Last night I wandered around a downtown park filled with strange, beautiful, confounding, mesmerizing art: dancers, sculptors, glass blowers, painters, musicians, weavers, poets, mask makers. It was nightfall in the city. Skyscrapers glowed around the periphery of the park, light rail trains glided by, and storm clouds gathered and dispersed overhead. At one point I sat on the base of a sculpture and took it all in, the voices and laughter and absorption on the faces of the crowd.
Somehow there was a stillness to the whole scene, and a stillness in me too. No one around me was familiar, but my heart ached because I wanted to give something to them all. A conversation with a friend last week came back to me, in which she said she craved connection above all, and how there was both pain and relief in accepting that it didn’t have to come from romance. This morning I woke up and remembered this poem, by the incomparable Milosz.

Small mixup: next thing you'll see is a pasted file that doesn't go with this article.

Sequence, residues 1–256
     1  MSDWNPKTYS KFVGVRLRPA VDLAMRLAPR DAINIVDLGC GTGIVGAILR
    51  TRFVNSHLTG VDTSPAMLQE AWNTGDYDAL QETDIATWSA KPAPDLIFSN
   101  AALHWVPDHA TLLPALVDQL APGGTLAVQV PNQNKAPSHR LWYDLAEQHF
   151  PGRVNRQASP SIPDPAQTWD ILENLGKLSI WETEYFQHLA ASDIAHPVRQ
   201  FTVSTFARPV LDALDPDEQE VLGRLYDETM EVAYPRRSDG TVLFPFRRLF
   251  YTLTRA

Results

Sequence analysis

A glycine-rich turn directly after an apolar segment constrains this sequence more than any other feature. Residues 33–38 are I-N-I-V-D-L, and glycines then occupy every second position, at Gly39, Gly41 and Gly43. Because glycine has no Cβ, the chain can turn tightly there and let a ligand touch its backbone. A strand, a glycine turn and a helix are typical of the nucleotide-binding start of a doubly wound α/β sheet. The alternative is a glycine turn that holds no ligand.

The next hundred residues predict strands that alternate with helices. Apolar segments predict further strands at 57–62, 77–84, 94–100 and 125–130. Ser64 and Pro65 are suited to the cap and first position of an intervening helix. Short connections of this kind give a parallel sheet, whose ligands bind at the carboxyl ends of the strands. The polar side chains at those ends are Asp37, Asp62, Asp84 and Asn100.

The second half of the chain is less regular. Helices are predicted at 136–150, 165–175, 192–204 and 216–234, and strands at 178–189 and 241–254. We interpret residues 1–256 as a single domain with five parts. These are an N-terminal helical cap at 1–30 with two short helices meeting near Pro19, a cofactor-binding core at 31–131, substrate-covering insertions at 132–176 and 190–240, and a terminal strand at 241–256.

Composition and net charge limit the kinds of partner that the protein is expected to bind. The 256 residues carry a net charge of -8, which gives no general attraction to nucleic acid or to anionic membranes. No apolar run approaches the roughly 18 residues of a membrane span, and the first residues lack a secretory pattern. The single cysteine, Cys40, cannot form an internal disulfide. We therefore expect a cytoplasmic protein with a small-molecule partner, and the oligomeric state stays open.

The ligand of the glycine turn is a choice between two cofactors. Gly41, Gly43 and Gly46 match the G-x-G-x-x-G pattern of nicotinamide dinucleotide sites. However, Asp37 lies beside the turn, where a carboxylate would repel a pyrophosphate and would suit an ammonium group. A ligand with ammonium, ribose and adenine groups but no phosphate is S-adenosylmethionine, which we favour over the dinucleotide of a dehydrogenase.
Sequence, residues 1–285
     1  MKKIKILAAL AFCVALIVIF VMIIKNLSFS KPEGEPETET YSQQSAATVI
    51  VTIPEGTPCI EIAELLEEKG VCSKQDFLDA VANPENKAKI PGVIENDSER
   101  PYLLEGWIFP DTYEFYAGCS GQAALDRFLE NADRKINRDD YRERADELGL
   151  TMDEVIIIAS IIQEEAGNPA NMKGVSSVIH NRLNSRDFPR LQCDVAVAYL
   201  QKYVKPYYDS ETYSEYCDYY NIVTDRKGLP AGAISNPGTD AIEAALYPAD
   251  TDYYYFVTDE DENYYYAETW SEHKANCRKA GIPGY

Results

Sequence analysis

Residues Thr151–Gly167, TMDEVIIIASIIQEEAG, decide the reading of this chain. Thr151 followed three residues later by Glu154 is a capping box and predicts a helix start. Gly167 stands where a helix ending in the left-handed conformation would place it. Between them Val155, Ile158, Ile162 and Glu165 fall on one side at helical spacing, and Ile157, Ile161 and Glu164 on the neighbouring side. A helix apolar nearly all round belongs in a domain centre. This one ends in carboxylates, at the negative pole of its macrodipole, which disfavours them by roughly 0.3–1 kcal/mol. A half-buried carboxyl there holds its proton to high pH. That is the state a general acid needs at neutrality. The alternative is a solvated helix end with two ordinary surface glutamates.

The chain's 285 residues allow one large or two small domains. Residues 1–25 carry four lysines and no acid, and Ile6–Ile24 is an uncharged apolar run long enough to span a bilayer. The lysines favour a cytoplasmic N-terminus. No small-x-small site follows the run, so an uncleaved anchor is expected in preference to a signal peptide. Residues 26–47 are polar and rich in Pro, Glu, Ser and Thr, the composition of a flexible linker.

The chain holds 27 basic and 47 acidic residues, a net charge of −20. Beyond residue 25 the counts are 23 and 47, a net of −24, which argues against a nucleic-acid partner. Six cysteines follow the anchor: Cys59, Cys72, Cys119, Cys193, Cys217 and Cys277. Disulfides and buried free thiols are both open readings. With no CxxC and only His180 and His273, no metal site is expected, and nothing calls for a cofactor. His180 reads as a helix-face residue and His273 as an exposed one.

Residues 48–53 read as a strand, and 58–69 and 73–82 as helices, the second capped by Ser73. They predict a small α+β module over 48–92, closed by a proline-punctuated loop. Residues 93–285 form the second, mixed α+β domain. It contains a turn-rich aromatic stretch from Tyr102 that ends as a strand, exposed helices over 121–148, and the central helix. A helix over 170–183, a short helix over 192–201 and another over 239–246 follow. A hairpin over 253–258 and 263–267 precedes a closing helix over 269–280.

Love, by Czeslaw Milosz
Love means to look at yourself
the way one looks at distant things
for you are only one thing among many.
And whoever sees that way heals his heart,
without knowing it, from various ills–
a bird and a tree say to him: Friend.
Then he wants to use himself and things
so that they stand in the glow of ripeness.
It doesn’t matter whether he knows what he serves:
Who serves best doesn’t always understand.
For more information about Czeslaw Milosz, please click here.